Lithuania’s transition to free market Capitalism followed a similarly successful process. Latvia’s privatization also followed the same basic template, although many observers believe that sale of the country’s larger base of industrial assets involved corruption that unfairly enriched insiders.

It’s not surprising that the relative post-privatization success of the three Baltic Republics and that of Russia mirror their Transparency International government corruption rankings. Estonia ranks almost the same as the U.S. at 29th, Lithuania ranks 50th and Latvia 61st , all vastly better than Russia’s dismal 143rd.

The people of the Baltic Republics positively revel in their hard-won personal and economic freedoms. And gaining membership in the European Union was a hugely emotional milestone, symbolizing their final step in "rejoining" Europe after decades of Russian repression.

Those many years of enforced Socialism taught them hope and prosperity doesn’t lie in government programs; but rather in their own creativity, determination and work ethic. Comparing her country to its Scandinavian neighbors, one Estonian told me that. "We lost four decades, but will catch up."

I have no doubt that they will.

 

Gwyn Morgan is a Canadian business leader and director of two global corporations.

 

—Troy Media

 

Fact Check

Fact Check

Have you found an error, or know of something we’ve missed in one of our stories?
Please use the form below and let us know.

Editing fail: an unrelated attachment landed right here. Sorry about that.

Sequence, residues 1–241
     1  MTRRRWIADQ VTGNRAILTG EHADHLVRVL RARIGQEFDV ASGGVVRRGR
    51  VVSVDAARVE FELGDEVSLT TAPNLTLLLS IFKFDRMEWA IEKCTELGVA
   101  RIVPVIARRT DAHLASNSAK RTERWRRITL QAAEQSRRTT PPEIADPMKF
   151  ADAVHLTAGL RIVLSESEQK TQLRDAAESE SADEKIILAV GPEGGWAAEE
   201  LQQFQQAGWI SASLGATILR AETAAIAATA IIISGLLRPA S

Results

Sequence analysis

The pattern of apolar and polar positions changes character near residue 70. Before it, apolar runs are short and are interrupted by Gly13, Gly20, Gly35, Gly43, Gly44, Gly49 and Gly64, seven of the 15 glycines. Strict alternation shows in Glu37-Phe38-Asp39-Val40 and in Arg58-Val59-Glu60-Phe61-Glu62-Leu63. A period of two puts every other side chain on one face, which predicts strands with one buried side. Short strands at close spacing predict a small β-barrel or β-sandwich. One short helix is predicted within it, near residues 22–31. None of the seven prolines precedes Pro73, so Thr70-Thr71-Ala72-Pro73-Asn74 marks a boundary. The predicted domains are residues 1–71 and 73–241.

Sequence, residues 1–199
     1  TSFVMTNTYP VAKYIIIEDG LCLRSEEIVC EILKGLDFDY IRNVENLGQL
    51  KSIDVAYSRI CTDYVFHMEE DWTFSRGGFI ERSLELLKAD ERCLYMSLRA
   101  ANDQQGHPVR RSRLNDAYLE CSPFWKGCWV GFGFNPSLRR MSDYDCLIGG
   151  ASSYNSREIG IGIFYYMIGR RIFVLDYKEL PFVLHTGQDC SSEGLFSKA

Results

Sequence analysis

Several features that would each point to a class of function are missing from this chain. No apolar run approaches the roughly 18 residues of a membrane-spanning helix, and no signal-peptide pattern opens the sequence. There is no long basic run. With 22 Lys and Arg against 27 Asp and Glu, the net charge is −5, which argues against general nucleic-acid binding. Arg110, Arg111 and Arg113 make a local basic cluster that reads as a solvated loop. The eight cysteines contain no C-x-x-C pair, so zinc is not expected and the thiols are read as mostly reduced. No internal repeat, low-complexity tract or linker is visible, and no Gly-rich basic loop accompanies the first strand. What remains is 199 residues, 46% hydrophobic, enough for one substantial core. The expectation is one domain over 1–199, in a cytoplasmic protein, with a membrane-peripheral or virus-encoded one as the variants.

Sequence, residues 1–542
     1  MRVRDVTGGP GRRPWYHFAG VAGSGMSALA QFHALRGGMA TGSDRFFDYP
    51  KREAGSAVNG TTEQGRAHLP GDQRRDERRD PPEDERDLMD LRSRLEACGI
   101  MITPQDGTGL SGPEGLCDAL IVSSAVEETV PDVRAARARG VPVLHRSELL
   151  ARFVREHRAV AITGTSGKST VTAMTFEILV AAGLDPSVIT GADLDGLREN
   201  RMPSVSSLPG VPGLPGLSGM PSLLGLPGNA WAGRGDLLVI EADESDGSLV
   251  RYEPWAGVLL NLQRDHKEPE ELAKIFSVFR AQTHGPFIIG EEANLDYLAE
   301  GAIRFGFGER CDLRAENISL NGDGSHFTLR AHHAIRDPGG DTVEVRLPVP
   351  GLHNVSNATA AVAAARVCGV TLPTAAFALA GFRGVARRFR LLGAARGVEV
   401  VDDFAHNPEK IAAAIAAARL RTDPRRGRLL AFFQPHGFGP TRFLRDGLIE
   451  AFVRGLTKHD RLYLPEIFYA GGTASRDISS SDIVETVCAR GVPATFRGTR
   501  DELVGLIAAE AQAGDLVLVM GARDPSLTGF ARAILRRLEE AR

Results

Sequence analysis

* Required
  • Please post the headline of the story or the title of the video with the error.

  • Please post exactly what was wrong with the story.

  • Please indicate your source for the correct information.

  • Yes

    No

  • This will only be used to contact you if we have a question about your submission, it will not be used to identify you or be published.

  • Cancel

Having problems with the form?

Contact Us Directly
  • Print

You can comment on most stories on winnipegfreepress.com. You can also agree or disagree with other comments. All you need to do is be a Winnipeg Free Press print or e-edition subscriber to join the conversation and give your feedback.

You can comment on most stories on winnipegfreepress.com. You can also agree or disagree with other comments. All you need to do is be a Winnipeg Free Press print or e-edition subscriber to join the conversation and give your feedback.

Have Your Say

New to commenting? Check out our Frequently Asked Questions.

Have Your Say

Comments are open to Winnipeg Free Press print or e-edition subscribers only. why?

Have Your Say

Comments are open to Winnipeg Free Press Subscribers only. why?

The Winnipeg Free Press does not necessarily endorse any of the views posted. By submitting your comment, you agree to our Terms and Conditions. These terms were revised effective April 16, 2010.

letters

Make text: Larger | Smaller

LATEST VIDEO

Blake Wheeler talks about past season

View more like this

Photo Store Gallery

  • MIKE APORIUS/WINNIPEG FREE PRESS STANDUP - pretty sunflower in field off HWY 206 near Bird's Hill Park Thursday August 09/2007
  • RUTH BONNEVILLE / WINNIPEG FREE PRESS June 23, 2011 Local - A Monarch butterfly is perched on a flower  in the newly opened Butterfly Garden in Assiniboine Park Thursday morning.

View More Gallery Photos

Poll

Do you agree with the province’s crackdown on flavoured tobacco products?

View Results

View Related Story

Ads by Google